International Society and Its Critics

International Society and Its Critics

International Society and Its Critics

International Society and Its Critics

Synopsis

In this major new work, leading scholars come together to evaluate the influential International Society approach to contemporary world politics. Writing from a variety of perspectives, the contributors to this book demonstrate that a proper understanding of world politics needs to incorporate many types of actor and be able to explain the different types of issue in world politics. This International Society approach offers one of the most illuminating ways of understanding the major issues of our day, such as terrorism, global governance, and the role of international law.

Excerpt

This volume was first conceived almost immediately after I arrived to take up a position at the University of Queensland in January 2002. The project began with exchanges of emails about the continuing relevance and apparently insurmountable rise of the English School or international society approach to world politics. A number of people were quite bemused by the rise of English School thinking in international relations, inspite of the many objections that writers from all sides of the discipline had levelled against it. The problem, it seemed, was that there had been very little dialogue between proponents of the English School account and those of other approaches to the subject. Although there had been a number of exchanges between key English School thinkers and writers of a realist persuasion, there had been virtually no engagement with critical and postmodern theories, feminism, international political economy, environmentalism, and other approaches to international relations. The primary aim of this project was to address this issue in three steps: first, by re-evaluating the contribution of English School thinking to the study of world politics; second, by initiating dialogue between the English School and a variety of alternative approaches to the subject; and third, by interrogating what these conversations might contribute to our understanding of world politics in the post-September 11 era.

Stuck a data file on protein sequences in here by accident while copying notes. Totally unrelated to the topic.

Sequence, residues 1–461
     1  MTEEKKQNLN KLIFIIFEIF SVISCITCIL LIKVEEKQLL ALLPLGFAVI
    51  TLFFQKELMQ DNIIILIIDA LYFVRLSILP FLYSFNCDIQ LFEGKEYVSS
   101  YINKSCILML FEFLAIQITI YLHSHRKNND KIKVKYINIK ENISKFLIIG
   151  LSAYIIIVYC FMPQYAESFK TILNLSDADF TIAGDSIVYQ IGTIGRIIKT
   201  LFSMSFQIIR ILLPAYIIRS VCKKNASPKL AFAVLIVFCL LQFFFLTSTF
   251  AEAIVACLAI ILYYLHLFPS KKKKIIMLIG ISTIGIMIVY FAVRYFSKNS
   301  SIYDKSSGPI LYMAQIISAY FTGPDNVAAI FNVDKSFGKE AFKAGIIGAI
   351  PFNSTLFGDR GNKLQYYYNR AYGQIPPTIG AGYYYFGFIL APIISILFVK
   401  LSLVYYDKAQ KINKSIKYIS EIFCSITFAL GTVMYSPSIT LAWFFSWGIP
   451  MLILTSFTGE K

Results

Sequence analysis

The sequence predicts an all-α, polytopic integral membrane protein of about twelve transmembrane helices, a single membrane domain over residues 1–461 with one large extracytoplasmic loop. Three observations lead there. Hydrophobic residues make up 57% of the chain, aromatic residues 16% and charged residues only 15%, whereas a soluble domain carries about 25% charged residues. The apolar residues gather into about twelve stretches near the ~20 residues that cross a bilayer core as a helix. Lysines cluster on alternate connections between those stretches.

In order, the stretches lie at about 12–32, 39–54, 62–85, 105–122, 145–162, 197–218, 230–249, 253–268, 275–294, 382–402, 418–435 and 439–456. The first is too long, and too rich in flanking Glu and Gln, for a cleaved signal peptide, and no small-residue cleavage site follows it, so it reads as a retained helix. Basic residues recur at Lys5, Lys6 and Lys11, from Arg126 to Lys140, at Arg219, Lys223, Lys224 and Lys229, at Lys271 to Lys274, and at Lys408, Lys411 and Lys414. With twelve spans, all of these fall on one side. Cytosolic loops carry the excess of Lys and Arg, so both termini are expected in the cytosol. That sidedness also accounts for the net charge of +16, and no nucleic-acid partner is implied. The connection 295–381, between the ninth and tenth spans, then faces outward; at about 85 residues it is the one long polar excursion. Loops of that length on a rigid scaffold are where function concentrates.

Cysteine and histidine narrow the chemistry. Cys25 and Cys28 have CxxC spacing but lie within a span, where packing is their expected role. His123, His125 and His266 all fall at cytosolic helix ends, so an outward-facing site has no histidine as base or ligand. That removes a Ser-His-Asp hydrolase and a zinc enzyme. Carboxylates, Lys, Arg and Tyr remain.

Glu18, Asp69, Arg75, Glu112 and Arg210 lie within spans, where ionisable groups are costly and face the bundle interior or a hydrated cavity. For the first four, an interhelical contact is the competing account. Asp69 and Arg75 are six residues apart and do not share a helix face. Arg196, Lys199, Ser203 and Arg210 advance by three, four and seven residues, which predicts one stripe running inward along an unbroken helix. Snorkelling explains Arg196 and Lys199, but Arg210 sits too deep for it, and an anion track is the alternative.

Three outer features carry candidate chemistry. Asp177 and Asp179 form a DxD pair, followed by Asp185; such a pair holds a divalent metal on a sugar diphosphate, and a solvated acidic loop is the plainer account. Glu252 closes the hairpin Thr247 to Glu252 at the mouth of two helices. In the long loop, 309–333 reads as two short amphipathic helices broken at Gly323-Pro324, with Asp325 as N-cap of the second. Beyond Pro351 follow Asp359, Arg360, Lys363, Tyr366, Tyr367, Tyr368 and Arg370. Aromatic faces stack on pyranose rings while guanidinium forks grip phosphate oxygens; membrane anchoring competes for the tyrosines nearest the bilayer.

An undertaking such as this depends upon its contributors and I was very lucky to receive fifteen excellent chapters by outstanding authors. It was an immense and humbling pleasure to work with the contributors to this volume and my first set of thanks go to them, for contributing so much of their time and expertise to this project. As well as writing chapters, many contributors also read and reviewed other chapters, for which I am very grateful.

From its inception this volume received the support and guidance of Dominic Byatt at Oxford University Press. Dominic enthusiastically supported the idea from the very beginning and patiently worked through about ten drafts of the original proposal, offering sage advice and direction throughout. Once it got up and running, Dominic continued to provide advice and help. I would also like to thank Claire Croft at Oxford University Press for her patience and skill in navigating this project to completion.

As well as the chapter contributors, several other colleagues provided much help and assistance. To start with, I would like to single out Steve Smith who in his own way was instrumental in getting the project off the ground in the first place. My contributions to this volume were helped by Marianne Hanson, Paul Williams, and especially Sara Davies who provided me with excellent and insightful comments on earlier drafts of the introduction and conclusion. I am also grateful to Nick Wheeler, Richard Shapcott, and Matt McDonald for offering comments on some of the chapters and advice about the overall direction of the book. Finally, I would like to thank Joseph Grieco and

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